26 May 2008

UFC 84

UFC 84 easily tops all of the shows in recent memory and that is saying something.
There are two main things any student of the game should take away from the show and those things are as follows. (This blog will only discuss the major fights.)

BJ Penn vs Sean Sherk
Firstly stay out of whatever weight class in which BJ Penn fights. His Brazilian Jiu-jitsu is certainly better than yours, especially in the MMA realm. Also his stand up is better than yours. It was certainly better than Sean Sherk's on the 24th. I picked Penn to win it but I thought he would win it on the ground with the BJJ. I thought this because I thought Sherk would win the take down war and then have to fight to keep Penn off his back until they stood back up or Sherk got choked out. However Sherk had an interesting plan and that was to wear Penn out with the stand up before begining to take BJ down and working his ground and pound. (Sherk tried very early to take Penn down, could not, and ate several punches and a vicious knee to his gut for his troubles.) It wasn't that Sherk's strategy was necessarily bad its just that he wasn't the guy best suited to use it. Penn's stand up is crisp, accurate and destructive. Penn's punches soon had Sherk cut up in at least four places, two bad cuts under the eyes (one of which Penn managed to target over and over again with a stiff right hand). Penn got the better of nearly every punching exchange and with less than twenty seconds to go in the third, ended a very game Sherk's night with a three punch combo followed by a flying knee.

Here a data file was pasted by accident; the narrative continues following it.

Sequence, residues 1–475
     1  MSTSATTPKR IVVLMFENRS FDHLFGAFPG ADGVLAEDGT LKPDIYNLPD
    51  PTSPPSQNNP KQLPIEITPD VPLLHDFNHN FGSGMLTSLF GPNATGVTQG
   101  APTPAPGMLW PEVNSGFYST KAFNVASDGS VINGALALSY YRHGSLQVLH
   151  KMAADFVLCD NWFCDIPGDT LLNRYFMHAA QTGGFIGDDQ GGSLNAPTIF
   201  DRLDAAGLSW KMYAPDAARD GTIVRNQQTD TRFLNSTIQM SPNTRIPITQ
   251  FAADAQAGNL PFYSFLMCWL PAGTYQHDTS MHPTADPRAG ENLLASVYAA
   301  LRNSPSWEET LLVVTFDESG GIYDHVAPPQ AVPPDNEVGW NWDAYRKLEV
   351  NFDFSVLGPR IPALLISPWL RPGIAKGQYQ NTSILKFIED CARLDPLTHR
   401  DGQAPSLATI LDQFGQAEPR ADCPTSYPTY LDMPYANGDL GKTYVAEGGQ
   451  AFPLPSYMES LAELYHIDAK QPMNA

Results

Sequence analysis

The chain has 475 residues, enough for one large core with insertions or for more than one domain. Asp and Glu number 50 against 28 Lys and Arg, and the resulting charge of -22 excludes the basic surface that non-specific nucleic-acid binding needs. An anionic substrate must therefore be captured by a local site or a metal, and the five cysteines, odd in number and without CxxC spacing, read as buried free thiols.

This brings me to my second point that all MMA fighters must note. Throw your jab. Penn wrecked Sherk all because of the jab. It caused Sherk to stand much farther away, thus ending any serious take down attempt. That alone really cost Sherk the entire fight. It is notoriously hard to topple Penn even from the clinch, having to shoot from a mile away gives Penn too much time to stop the take down. From that point Sherk was caught in a stand up fight. (This was part of his plan anyway but as I said it wasn't a plan that fit him very well.) The jab is the tool that many fighters in the UFC seem to completely ignore. You can almost predict when another UFC fighter, Chuck Liddell is going to win by whether or not he respects an opponent enough to utilize his jab. Randy Couture uses it to great effect. The reason it is so important is because whether you are looking to throw more punchs, or crash into the clinch or go straight to a take down, the jab covers your up your bad intentions.
Keep that in mind.

Lyoto Machida vs Tito Ortiz
This went exactly as I predicted. Lyoto's stand up, and elusiveness were just to much for the one dimensional Tito, who could not cut off the ring or trick Lyoto into a stand up war. Tito has one of the best ground and pound games in the business but his ability to get some one down seems to be slipping. The reason for this is probably because it is getting harder and harder to shoot, from a distance, for the single or double leg on today's MMA fighters. Randy Couture and GSP are probably the most successful with wrestling takedowns in MMA and the reason is that they effect takedowns from the clinch, or dirty boxing positions. Anyway Lyoto, who owned the octagon for almost the entire fight, almost lost it in the last 30 seconds when attempting a little ground and pound of his own by falling into what looked like a fight ending triangle choke. But Lyoto trains with Nogueira and managed to slip away from the triangle and pick up another win.

Wanderlie Silva vs Keith "the dean of mean" Jardine.